(a) A person is guilty of criminally negligent storage of a firearm when such person violates the provisions of section 29-37i and a minor or, a resident of the premises who is ineligible to possess a firearm under state or federal law or who poses a risk of imminent personal injury to himself or herself or to other individuals, obtains the firearm and causes the injury or death of such minor, resident or any other person. For the purposes of this section, “minor” means any person under the age of sixteen years.
Thus, in order to charge under this section, the provisions of Connecticut General Statute 29-37i must be examined. This act provides in part:
No person shall store or keep any loaded firearm on any premises under such person’s control if such person knows or reasonably should know that (1) a minor is likely to gain access to the firearm without the permission of the parent or guardian of the minor, (2) a resident of the premises is ineligible to possess a firearm under state or federal law, or (3) a resident of the premises poses a risk of imminent personal injury to himself or herself or to other individuals, unless such person (A) keeps the firearm in a securely locked box or other container or in a location which a reasonable person would believe to be secure, or (B) carries the firearm on his or her person or within such close proximity thereto that such person can readily retrieve and use the firearm as if such person carried the firearm on his or her person. For the purposes of this section, “minor” means any person under the age of sixteen years.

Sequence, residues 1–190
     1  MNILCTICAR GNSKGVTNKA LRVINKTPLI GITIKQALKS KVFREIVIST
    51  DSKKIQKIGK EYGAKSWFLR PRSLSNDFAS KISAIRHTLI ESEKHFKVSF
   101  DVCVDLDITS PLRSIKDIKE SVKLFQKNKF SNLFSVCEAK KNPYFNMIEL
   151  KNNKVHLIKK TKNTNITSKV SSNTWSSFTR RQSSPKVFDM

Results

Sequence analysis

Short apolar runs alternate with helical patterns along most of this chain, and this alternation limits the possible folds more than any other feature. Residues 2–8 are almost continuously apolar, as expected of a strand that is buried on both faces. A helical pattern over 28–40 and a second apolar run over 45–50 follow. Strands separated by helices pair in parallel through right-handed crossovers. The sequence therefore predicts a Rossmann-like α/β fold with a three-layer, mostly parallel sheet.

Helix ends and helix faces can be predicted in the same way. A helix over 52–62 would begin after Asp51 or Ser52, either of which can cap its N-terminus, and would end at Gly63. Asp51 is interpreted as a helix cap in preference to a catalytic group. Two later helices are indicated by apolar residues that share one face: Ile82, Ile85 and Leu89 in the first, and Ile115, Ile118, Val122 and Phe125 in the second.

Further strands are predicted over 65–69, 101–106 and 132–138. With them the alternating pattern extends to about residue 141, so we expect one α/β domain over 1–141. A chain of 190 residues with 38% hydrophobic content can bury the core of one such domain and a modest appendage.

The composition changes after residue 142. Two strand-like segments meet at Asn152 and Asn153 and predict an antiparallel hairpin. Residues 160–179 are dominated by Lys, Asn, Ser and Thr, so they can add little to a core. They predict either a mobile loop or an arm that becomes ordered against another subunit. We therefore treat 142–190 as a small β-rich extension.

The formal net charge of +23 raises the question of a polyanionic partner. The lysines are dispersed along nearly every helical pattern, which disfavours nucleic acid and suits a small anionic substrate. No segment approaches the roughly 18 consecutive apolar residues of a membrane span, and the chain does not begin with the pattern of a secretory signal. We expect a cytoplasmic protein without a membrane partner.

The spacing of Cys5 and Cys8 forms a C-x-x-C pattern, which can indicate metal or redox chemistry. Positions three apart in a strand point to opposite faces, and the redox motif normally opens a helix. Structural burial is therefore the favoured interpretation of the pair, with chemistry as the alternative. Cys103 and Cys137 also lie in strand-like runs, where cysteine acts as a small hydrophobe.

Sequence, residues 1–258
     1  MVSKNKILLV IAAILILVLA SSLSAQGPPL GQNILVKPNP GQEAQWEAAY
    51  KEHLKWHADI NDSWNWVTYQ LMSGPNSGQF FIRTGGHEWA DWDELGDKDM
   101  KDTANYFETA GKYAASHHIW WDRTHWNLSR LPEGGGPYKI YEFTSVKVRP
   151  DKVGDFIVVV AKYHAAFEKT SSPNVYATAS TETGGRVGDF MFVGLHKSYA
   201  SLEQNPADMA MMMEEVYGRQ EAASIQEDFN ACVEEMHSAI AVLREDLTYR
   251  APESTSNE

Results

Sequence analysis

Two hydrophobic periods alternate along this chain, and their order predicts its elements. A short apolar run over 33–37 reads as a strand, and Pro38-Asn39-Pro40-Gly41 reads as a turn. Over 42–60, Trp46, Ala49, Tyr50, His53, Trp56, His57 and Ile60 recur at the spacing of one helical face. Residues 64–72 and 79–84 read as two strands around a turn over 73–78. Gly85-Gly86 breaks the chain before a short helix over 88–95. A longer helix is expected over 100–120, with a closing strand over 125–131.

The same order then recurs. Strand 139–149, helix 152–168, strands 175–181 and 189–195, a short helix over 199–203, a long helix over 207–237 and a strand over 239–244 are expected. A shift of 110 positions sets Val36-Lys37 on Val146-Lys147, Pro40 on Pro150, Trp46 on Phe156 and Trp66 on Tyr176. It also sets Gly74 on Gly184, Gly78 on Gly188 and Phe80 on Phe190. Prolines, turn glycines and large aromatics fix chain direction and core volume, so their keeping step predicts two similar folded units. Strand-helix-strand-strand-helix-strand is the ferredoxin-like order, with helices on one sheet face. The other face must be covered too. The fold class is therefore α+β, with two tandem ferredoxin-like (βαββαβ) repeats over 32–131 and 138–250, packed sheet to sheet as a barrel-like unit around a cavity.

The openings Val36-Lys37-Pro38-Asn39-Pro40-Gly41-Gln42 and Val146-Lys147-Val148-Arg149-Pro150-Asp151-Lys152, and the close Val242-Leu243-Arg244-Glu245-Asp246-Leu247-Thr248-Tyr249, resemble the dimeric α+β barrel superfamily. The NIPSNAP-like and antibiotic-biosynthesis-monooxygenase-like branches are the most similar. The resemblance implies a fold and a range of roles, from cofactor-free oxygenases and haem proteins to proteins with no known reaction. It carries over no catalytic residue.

Therefore, Connecticut law, unlike at least three other states, clearly requires that in order to prosecute under CGS 53a-217a(a), the state must prove beyond a reasonable doubt that the weapon was loaded when stored.
A person is guilty of Risk of Injury to a Minor under Connecticut General Statute 53-21(a)(1) when he or she: